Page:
Saturday show preview: Phosphorescent, a full grown man
Folks who saw the Bon Iver show at the Echo nearly a year ago would have been smart to arrive early enough to catch the opening act. They would have seen a lanky, bearded blond man with a guitar, a delay pedal and a backing band who played a barnstorming set of country-tinged tunes that blew the doors right off the place. “Hello, Los Angeles,” a looping voice intoned over the PA like a warning siren. “We’re Phosphorescent.”
This Saturday, Matthew Houck, the master builder behind Phosphorescent, returns to L.A. as the headliner with a repertoire of songs taken from the Willie Nelson catalog. Phosphorescent’s fourth full-length, "To Willie," is an 11-song love letter to the Texas-born country singer that was inspired by Nelson’s own tribute album to Lefty Frizzell, "To Lefty From Willie."
The songs aren't of the “On the Road Again” or “Crazy” variety. Instead, Houck combs the catalog, with “Can I Sleep in Your Arms” from "Red Headed Stranger," the philosophical “Walkin’ ” and the self-explanatory, last-call shanty “The Party’s Over.”
“Since I was really young, these were songs that have meant so much to me,” Houck says. “There’s a personal, distinct meaning behind every song.”
Houck is speaking from a diner in Rapid City. He and his four bandmates have just spent the day in their Econoline van, negotiating the black ice of the South Dakota freeways. They’re on their way to their next show at the Nectar Lounge in Seattle. Phosphorescent will play a live show nearly everyday in March. Then, in May, they will do it all over again in Europe, tallying nearly 50 shows total in what Houck refers to as a small tour. “You can do a lot of touring in 60 days,” Houck laughs. Last year, he spent 10 months playing shows to support his 2007 album "Pride."
Houck could easily say that he’s spent the last 10 years touring, in one form or another. After a brief foray into college in the late '90s, Houck, who grew up in northern Alabama, started moving around, busking and singing at coffeeshops or bars. He lived in college towns such as Auburn and Athens, Ga., and, for awhile, performed under the moniker Fillup Shack. In 2003, he released his first album, "A Hundred Times or More," under the name Phosphorescent. Two years later, "Aw Come Aw Wry" saw the addition of a full backing band and a horn section.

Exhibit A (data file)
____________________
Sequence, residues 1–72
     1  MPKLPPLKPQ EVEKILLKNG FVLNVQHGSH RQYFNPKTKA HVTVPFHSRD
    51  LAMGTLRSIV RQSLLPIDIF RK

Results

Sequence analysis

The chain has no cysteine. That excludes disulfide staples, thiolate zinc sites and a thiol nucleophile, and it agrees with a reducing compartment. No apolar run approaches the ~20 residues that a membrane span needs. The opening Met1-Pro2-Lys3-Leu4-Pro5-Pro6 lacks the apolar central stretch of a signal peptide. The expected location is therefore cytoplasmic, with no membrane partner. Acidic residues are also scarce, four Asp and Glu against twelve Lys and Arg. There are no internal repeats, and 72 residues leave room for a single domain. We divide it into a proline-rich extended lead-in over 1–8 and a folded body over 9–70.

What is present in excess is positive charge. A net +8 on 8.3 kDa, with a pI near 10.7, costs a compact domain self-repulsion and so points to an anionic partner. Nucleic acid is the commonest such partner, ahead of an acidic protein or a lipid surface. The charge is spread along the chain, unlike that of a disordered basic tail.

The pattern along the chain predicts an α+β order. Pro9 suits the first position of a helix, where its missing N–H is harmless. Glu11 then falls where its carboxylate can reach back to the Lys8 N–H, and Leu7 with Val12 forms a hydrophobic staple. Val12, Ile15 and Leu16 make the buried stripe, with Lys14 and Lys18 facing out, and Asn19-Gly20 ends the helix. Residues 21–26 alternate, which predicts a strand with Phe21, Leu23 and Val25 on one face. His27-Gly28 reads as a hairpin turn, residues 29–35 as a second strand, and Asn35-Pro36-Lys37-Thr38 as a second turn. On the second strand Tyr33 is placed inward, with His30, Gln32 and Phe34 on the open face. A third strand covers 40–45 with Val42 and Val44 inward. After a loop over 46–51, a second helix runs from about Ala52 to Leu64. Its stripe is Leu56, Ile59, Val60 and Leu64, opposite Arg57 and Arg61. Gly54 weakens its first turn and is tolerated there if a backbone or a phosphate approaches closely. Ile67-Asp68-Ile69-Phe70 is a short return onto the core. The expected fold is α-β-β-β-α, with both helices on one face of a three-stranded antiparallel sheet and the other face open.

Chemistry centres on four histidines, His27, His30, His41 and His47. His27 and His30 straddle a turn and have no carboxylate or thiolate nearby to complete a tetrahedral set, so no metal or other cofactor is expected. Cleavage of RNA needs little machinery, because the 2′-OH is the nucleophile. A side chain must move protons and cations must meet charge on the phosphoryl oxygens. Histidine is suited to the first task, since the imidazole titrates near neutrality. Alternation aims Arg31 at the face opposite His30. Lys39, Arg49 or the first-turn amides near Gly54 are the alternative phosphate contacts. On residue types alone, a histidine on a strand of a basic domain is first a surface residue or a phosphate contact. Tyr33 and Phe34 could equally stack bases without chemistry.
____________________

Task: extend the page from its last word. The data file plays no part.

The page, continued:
It wasn’t until the release of "Pride" that Phosphorescent’s music really stepped into new territory. With Houck photographed bare-chested on the cover, the songs inside were equally stripped of ornamentation, favoring the direct approach of guitar and Houck’s warbling, high-pitched vocals.
Houck made almost every sound on the record himself (with the exception of some backing vocals), creating a late-night reverie in a dimly lighted room that mines 40 minutes of doubt, despair and excited terror.
“Mama, there’s wolves in the house,” Houck sings on “Wolves,” a track that recalls author Denis Johnson’s novella "Train Dreams." Johnson writes: “When Grainier heard the wolves at dusk, he laid his head back and howled for all he was worth, because it did him good. It flushed out something heavy that tended to collect in his heart, and after an evening’s program with his choir of British Columbian wolves he felt warm and buoyant.”
Houck is a fan of Johnson’s, and he counts "Resuscitation of a Hanged Man" as one of his favorite books, though he didn't discover "Train Dreams" until after "Pride" was released.
On “Cocaine Lights,” the languid and brittle penultimate track from "Pride," Houck sings, “In the darkness, in the cocaine lights/ I will miss you, more than ever/ And to color my eyes into rose/ Is to ask of my beaten bones/ To be less of meat and stone/ And more of feather.” It’s not hard to imagine a man peering over the edge of some kind of cliff, calculating the distance of the fall.
But even the darkest nights eventually lighten into daylight. "To Willie" presents an ambling afternoon of songs that cover a two-lane highway of emotions: too many parties, too many broken hearts.
Houck is not averse to après-show indulgence, and on “Reasons to Quit,” the album’s opening track, he channels both himself and Willie when he sings, “the coke and booze don’t do me like before.”
It’s anyone’s guess as to how Nelson’s songs will end up translating onstage. Songs like “Wolves” and “Cocaine Lights” that creep along on LP often end up more raucous, with a cocky bounce to their step. The full weight of a four-piece backing band turns his solitary songs into a joyous group effort. Think Bob Dylan’s rapid-fire re-working of “A Hard Rain’s Gonna Fall” on the 1975 "Rolling Thunder Revue."
Justin Gage, editor of L.A.-based music blog Aquarium Drunkard since 2005, and sponsor of Phosphorescent's show Saturday, agrees that this approach can provide surprising results. “I actually prefer that kind of approach,” he says. “Live shows shouldn’t have to always be blueprints of what’s on the studio album.”
As for Nelson himself, what does he think about Phosphorescent’s tribute?
“Right now, I really don’t know,” Houck laughs. “He hasn’t called me.”
It’s pretty easy to imagine some early morning in the near future. A phone rings and there’s a pause and the voice on the other end of the line says, with a slight drawl, “Hello sir, this is Willie Nelson.”
-- George Ducker
Phosphorescent with Viva Voce, the Donkeys and Rafter at the Regent Theater, 405 S. Main St. 8 p.m. Saturday. $10, tickets at littleradio.com.
Photo by Amanda Yates